Demolishing and building have seen minor changes since the first House Flipper. Originally, the controls for building were slow and restrictive. Building walls took time even with the speed perks and it was isolated to just interior walls. This is a thing of the past. Players can select the width, height and depth of the wall anywhere, including outside! This opens a wider realm of possibilities for players, allowing them to design garages and change the existing floor plans. Of course, that sometimes requires knocking down existing walls. Another slow tool in House Flipper, demolishing required multiple hits just to get rid of one section. Not the entire wall, a single section. This has been significantly improved by only requiring one hit in the sequel. This does mean that it is easier to make mistakes if players aren’t using the precision mode but as precision mode only hits one brick at a time, it’s slow and cumbersome. 

The tool that has undergone the most change is painting. In the original game, painting was done a strip at a time, whereas now, players select an outline and then paint anyway inside it. While the new version speeds up painting and feels more intuitive, I miss the Zen feel of the original one. Compounding my annoyance at these changes was a variety of minor irritations and bugs. The wider roller is a good idea, but it can’t paint smaller areas which seems silly. If it’s already selected, let me paint it! Don’t make me stop, shrink my roller and start again. Ugh! Speaking of stopping and starting, the new mode locks the character into place, forcing them to paint smaller areas, so I’m unsure how much faster it’s meant to be. Just give me the option to paint in strips!  The addition of the wiring tool, which allows players to link lights to switches, is a small quality of life improvement that made me so happy and is easily my favourite, along with the ability to copy colour schemes from one item of furniture to another.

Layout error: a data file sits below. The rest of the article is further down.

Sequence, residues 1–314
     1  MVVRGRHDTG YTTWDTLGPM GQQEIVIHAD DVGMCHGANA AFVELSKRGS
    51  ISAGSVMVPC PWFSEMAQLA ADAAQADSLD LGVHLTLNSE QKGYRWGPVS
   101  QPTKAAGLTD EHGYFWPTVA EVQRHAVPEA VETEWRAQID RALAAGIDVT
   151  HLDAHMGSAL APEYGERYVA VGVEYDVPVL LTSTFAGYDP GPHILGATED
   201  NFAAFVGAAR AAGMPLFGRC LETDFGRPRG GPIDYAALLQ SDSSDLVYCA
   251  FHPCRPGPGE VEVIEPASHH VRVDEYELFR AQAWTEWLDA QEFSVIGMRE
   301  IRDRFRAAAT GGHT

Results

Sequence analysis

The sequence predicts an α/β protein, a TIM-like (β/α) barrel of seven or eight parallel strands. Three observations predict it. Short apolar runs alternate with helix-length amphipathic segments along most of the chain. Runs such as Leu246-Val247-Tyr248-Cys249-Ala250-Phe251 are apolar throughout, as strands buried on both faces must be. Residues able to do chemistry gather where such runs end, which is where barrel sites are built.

Installing items was a core part of the original House Flipper. When installing plumbing items like a shower, players would have to attach the pipes and tighten the fasteners. For electrical items, it required wiring to be done. That’s no longer present in House Flipper 2, instead Players can assemble furniture in their workshop for a persistent discount. These discounts will vary based on the item’s complexity as well as completion, speed and quality of the build. Unfortunately, I found the assembly process infuriating. The game gives less instructions than a language independent flat-pack manual while forcing the players to follow the arbitrary order of operations desired by the devs. For example, all the dowels on a build must be placed before being hammered in, whereas I would normally hammer them in right after placing them. This caused issues because if screws were on opposite sides, it would require moving the camera which was downright awful. It moves so quickly, and I found myself fighting with it while trying to direct it where I wanted. This wouldn’t be so bad if the discount was good, but for the desk, which I struggled with, I would only get a paltry 7% off all future purchases. After completing the story mode, I wasn’t exactly hurting for cash which made the assembly mode feel like it was added to give the game more substance.